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Re: amsat-dl statement



At 11:26 PM 2000-12-17 +0100, Peter Guelzow wrote:

>This is also not correct and there might be a misunderstanding.
>
>A timeout was expected on Saturday. There were no observations and
>command stations tried to re-establish communication by sending
>blind commands.
>
>Assuming that no commands have been accepted by the IHU-1 since contact
>was lost on Wednesday, a COMMAND-ASSIST watchdog will be invoked
>at orbit=65, MA=0 which is 2000 Dec 21 [Thu] 23:55 utc.
>
>The COMMAND-ASSIST routine will cycle through various RX, TX, Hi-gain
>and Low-Gain antennas..
>
>If commands were received by the spacecraft (although we have not
>seen any successful commands so far), than the COMMAND-ASSIST watchdog
>will be reset for another 10 orbits. In this case we may see this function
>happen not before Dec 25.

I was going to post a detailed reply message, but Peter has perfectly 
summarized the situation.  We won't know for sure if the IHU-1 has crashed 
until December 21 or, perhaps, December 25.  Issuing a blind reset command 
before that time has the possibility of making things worse.  Meanwhile, 
the solar angle is good, the BCR's are self-functional and the power budget 
is positive.  There is every reason to move slowly.  If the COMMAND-ASSIST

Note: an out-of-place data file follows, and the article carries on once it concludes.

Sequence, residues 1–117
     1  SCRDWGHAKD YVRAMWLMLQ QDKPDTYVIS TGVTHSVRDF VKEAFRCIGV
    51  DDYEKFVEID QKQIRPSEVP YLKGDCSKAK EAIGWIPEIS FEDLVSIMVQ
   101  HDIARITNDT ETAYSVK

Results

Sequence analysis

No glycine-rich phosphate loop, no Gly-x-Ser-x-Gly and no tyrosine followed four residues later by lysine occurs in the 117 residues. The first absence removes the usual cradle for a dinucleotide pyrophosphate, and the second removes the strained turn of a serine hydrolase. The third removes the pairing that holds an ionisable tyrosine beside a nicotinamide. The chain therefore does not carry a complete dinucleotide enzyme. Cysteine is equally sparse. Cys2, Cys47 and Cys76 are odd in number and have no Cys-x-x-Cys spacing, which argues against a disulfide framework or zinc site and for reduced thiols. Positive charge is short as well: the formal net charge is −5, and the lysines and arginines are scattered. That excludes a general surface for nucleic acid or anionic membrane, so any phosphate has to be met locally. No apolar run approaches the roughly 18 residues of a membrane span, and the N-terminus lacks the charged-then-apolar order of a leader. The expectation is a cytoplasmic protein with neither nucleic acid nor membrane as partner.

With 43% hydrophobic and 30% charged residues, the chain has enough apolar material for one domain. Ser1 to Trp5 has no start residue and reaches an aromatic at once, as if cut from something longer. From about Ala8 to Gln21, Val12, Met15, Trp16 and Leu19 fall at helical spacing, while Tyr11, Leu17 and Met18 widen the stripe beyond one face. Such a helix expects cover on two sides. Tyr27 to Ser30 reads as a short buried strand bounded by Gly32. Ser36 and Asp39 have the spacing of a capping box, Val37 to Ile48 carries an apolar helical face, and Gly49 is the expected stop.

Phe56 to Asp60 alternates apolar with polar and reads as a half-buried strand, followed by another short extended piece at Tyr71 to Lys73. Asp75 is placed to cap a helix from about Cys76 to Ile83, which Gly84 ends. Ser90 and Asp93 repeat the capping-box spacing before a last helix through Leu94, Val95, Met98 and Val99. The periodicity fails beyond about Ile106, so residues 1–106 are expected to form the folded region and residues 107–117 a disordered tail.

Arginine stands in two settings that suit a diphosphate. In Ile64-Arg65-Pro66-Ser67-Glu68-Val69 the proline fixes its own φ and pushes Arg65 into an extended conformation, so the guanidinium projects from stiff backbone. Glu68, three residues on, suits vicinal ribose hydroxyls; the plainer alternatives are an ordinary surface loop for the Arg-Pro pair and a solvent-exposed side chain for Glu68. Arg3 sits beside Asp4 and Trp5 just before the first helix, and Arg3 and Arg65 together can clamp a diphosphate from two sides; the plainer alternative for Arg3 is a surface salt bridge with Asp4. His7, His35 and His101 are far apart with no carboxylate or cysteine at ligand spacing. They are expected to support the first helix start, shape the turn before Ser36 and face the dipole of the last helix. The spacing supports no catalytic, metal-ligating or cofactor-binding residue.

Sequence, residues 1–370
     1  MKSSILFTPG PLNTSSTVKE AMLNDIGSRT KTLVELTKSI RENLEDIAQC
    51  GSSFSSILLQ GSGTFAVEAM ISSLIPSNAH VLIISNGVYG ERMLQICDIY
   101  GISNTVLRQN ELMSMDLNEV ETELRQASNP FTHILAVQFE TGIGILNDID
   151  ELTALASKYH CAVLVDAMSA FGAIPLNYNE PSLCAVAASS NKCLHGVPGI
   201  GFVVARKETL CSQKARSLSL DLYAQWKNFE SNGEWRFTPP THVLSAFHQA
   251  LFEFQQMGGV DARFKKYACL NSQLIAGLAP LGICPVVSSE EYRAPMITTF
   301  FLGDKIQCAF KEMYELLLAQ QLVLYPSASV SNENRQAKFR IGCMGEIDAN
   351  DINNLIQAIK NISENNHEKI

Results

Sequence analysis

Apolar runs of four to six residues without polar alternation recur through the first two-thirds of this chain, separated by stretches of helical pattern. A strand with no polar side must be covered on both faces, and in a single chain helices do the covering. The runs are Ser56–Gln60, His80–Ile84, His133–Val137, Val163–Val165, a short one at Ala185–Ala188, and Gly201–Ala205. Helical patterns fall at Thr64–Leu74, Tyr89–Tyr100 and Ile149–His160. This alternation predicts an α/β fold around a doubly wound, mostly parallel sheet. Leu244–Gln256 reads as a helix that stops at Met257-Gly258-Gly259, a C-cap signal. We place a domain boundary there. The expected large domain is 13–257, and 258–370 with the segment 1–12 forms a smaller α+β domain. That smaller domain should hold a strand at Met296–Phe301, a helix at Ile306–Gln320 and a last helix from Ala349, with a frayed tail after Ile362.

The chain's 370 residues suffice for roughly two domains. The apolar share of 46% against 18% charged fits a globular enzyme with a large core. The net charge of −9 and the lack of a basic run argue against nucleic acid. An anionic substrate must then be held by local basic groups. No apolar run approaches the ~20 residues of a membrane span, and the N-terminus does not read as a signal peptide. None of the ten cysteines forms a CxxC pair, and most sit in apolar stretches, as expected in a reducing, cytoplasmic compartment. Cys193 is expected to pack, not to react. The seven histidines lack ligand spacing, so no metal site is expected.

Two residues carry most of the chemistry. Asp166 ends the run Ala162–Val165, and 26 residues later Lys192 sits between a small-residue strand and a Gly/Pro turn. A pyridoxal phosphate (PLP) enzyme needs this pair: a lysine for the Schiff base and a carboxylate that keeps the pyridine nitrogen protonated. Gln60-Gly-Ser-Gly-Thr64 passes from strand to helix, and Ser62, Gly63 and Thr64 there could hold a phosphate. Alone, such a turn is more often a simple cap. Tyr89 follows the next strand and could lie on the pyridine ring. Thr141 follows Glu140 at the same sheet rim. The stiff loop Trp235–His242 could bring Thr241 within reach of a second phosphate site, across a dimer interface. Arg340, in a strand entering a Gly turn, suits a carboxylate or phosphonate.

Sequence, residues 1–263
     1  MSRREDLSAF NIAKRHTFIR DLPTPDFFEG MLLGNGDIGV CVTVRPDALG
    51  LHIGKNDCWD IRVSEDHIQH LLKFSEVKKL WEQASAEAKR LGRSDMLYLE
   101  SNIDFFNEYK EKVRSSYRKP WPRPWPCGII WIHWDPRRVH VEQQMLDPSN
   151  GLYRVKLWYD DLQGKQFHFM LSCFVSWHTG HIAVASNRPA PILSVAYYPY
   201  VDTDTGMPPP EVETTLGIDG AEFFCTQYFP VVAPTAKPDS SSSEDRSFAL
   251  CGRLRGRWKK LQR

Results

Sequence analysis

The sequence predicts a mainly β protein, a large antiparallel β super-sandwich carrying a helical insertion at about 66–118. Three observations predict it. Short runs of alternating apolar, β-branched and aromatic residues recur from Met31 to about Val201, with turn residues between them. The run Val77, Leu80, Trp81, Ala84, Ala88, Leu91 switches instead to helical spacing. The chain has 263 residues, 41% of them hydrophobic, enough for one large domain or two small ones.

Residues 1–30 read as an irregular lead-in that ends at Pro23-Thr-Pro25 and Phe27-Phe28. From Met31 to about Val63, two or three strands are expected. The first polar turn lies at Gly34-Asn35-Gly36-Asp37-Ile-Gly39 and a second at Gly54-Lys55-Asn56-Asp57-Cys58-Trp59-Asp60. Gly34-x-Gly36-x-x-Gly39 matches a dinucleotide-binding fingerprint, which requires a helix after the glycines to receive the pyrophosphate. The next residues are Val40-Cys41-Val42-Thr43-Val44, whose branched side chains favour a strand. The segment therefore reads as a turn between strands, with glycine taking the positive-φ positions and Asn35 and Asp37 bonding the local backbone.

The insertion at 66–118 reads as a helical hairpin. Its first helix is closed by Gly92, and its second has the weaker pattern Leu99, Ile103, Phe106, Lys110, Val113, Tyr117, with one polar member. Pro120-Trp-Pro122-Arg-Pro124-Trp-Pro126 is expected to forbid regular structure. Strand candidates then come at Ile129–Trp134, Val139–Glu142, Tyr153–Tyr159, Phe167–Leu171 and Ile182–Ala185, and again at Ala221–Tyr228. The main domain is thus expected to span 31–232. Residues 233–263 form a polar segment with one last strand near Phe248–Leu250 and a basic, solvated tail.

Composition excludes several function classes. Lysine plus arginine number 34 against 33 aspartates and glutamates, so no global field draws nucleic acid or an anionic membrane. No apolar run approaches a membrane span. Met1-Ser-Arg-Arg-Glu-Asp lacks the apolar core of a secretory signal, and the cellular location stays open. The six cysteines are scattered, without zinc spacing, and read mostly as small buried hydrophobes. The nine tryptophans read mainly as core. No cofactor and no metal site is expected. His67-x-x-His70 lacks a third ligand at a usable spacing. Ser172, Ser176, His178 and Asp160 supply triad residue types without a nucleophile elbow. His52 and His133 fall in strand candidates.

software doe not cycle Tx's and Rx's on Dec 21 or 25, then we will move 
forward with other options.

I would also like to say thanks so much to those of you who have sent 
messages of support.  They are very much appreciated by all of us.  To 
those of you who have suggested that P3D was in some way "rushed" to 
launch, I can only say that this couldn't be further from the 
truth.  Remember,  launch of this satellite was delayed for several 
years...  it sat in a shipping container in Kourou, ready to go for 
months.  There is no question that it was fully ready for launch.  When the 
checkout team left Kourou we were completely satisfied that P3D was a fully 
functional spacecraft, ready for flight.  Let me say that again,  this 
satellite had zero known defects at the time of launch, period.  Several of 
the "defects" that have been mentioned, such as "rounding errors" in the 
magnetorquing software are completely expected parts of the checkout 
process.  This is not a "defect", it's a calibration process.   We cannot 
calibrate the satellite properly until it is in space.

The command team remains very hopeful that we can recover P3D, but 
remember, this really is rocket science.  There are no absolute 
guarantees.   If we had been on the Ariane 501 as initially slated, we 
would have been vaporware from the time of launch.

Regardless of the outcome with AO-40, AMSAT needs, and I believe deserves, 
your continued support, now more than ever.
Thanks.


--
  _______________________________________________________________________
  Stacey E. Mills, W4SM    WWW:    http://www.cstone.net/~w4sm/ham1.html
   Charlottesville, VA     PGP key: http://www.cstone.net/~w4sm/key
  _______________________________________________________________________

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